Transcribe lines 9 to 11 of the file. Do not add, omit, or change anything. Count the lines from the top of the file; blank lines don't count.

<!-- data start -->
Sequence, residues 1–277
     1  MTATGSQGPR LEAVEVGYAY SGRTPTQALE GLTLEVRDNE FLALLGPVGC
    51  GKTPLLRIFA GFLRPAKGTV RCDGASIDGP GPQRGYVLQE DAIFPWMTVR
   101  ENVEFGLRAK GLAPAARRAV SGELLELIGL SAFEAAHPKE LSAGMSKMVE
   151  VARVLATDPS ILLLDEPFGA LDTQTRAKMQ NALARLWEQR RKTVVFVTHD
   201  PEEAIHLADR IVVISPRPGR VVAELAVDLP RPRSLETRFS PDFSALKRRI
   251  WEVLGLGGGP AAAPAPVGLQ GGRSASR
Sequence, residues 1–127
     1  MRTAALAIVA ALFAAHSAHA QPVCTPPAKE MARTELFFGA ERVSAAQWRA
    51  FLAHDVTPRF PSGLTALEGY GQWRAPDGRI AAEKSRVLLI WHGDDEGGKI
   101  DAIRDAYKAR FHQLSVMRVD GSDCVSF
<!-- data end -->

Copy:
     1  MRTAALAIVA ALFAAHSAHA QPVCTPPAKE MARTELFFGA ERVSAAQWRA
    51  FLAHDVTPRF PSGLTALEGY GQWRAPDGRI AAEKSRVLLI WHGDDEGGKI
   101  DAIRDAYKAR FHQLSVMRVD GSDCVSF